Most of us probably associate acne with adolescence, but according to a new study adult acne is common in women. Researchers took a look at the emotional and mental toll recurring acne has on women, and the results were telling.
Our beauty routine usually consists of what we find to be the best skincare products, but regardless of whether you use the best derma rollers or the best facial steamer to keep your skin clear, sometimes acne still pops up.
Acne can leave behind physical damage to your skin barrier through scarring, but a study published in JAMA Dermatology found that it also causes a “disruption to [women’s] personal and professional lives.” Some of the main mental health impacts included social anxiety, depression, and in severe cases, suicidal thoughts.
“It’s more common than we think and it can have diverse impacts on patients' lives,” said lead author of the study John Barbieri on the JAMA Dermatology podcast.
The study took a closer look at the mental health toll this takes through interviewing 50 women aged 18 to 40-years-old. Each participant ranged from moderate to severe acne and were asked open-ended questions regarding their acne. The results found that most of the women were concerned about their physical appearance with some either reaching for the best foundation to mask it or isolating themselves.
Around 85% of adolescents experience acne, but Barbieri explained that for 35% of women, acne can carry on into their 30s or even show up in adulthood. The misconception causes women to develop “fatigue” as Barbieri described, explaining patients believe it’s only an adolescent issue.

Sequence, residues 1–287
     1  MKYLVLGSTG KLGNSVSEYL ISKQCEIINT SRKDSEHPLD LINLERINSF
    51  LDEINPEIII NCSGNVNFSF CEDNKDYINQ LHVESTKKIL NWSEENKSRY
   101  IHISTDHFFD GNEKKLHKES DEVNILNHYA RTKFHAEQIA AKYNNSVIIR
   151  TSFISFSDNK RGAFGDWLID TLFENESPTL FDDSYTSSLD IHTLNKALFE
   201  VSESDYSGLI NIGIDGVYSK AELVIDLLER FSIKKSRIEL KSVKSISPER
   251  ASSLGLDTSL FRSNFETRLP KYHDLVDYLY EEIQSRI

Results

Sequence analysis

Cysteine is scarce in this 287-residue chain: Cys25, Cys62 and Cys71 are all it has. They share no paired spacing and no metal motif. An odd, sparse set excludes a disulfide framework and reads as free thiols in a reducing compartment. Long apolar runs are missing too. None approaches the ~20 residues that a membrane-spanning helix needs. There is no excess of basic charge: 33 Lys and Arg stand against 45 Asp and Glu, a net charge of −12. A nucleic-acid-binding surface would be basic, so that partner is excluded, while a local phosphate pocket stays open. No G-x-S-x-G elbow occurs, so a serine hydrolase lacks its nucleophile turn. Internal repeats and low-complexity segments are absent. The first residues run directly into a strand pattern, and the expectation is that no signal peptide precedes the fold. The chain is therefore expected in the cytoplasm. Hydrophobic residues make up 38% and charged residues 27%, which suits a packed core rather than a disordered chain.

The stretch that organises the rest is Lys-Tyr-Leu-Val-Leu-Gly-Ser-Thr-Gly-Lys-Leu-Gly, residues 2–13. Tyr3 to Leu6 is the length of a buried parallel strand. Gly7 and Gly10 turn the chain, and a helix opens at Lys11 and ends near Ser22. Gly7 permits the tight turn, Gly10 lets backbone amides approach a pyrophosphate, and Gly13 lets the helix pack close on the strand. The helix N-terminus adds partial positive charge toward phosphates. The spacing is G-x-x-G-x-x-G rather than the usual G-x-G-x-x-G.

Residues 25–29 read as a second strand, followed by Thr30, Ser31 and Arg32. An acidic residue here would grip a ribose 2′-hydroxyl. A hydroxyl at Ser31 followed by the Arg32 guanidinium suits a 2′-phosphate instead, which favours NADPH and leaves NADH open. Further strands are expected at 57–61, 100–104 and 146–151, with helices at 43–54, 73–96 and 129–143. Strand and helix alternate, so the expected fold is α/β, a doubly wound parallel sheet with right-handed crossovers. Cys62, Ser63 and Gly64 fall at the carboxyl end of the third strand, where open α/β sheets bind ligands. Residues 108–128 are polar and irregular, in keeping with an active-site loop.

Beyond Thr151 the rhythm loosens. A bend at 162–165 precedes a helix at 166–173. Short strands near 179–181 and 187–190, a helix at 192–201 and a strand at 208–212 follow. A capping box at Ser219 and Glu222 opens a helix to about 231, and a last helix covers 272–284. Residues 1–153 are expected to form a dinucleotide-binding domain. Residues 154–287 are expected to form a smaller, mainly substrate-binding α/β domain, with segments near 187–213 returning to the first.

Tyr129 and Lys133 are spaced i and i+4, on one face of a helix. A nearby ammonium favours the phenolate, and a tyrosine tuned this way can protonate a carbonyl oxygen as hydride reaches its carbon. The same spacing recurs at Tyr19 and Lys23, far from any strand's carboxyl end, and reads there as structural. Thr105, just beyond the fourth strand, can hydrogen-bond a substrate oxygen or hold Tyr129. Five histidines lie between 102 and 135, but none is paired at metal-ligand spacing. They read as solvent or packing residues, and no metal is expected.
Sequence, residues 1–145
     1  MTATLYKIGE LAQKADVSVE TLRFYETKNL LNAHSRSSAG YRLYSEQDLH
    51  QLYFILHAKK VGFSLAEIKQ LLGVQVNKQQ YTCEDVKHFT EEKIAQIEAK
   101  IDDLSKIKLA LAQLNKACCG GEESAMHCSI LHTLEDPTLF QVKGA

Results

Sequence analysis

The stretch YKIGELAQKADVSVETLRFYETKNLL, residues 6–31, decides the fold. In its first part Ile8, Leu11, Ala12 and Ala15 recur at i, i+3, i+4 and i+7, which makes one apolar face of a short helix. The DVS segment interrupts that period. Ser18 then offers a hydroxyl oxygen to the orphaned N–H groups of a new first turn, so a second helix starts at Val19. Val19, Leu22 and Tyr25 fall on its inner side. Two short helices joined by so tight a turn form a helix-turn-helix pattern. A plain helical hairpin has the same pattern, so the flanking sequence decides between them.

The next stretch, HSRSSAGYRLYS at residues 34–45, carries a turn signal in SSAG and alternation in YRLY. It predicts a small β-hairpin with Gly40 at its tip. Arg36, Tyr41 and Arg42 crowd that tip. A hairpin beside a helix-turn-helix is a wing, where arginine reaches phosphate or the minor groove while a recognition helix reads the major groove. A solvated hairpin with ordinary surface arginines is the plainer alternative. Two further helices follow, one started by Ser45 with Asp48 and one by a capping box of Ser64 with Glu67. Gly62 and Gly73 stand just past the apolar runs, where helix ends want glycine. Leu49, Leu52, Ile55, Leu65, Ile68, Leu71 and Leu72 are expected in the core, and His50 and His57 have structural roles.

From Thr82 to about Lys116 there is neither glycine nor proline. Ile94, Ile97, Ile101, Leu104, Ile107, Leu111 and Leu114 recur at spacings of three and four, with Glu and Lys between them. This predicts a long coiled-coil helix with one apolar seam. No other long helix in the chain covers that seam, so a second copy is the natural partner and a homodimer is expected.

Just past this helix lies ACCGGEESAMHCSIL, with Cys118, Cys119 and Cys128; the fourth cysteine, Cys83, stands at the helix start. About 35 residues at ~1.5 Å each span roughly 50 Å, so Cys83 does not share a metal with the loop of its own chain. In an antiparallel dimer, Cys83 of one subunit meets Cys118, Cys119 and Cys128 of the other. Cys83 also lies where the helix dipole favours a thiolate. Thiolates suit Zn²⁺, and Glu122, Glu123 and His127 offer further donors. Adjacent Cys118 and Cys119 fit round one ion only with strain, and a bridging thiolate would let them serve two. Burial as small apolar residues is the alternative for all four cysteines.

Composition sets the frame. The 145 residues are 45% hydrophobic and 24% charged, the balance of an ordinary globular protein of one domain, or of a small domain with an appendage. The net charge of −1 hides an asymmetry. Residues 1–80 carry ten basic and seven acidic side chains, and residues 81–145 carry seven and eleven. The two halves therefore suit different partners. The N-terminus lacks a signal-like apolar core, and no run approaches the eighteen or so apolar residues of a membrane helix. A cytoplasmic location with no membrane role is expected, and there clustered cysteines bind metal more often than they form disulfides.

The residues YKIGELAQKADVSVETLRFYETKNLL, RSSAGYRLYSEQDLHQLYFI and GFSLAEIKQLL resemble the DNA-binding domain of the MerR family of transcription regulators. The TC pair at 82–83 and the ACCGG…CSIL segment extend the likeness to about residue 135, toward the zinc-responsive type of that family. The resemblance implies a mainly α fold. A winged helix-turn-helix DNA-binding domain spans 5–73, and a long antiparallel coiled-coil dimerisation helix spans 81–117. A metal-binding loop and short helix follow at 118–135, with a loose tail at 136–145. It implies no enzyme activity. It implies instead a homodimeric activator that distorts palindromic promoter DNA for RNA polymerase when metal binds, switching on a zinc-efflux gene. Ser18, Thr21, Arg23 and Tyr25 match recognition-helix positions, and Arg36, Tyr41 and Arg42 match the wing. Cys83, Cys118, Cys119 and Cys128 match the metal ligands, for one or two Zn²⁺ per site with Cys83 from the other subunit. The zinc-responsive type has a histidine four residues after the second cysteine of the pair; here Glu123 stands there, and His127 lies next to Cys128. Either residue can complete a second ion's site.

Thankfully, it’s not incurable but for women looking to soothe their skin there are different acne topicals and creams that can be used. As the study suggests though, it may take testing out different forms of acne medication to find the best one suited for your skin.
Though the results point out that there is a clear issue over the connection between acne and mental health, the study finds that more research is needed to “understand the optimal treatment approaches.”
Rylee is a U.S. news writer who previously worked for woman&home and My Imperfect Life covering lifestyle, celebrity, and fashion news. Before joining woman&home and My Imperfect Life, Rylee studied journalism at Hofstra University where she explored her interests in world politics and magazine writing. From there, she dabbled in freelance writing covering fashion and beauty e-commerce for outlets such as the TODAY show, American Spa Magazine, First for Women, and Woman’s World.
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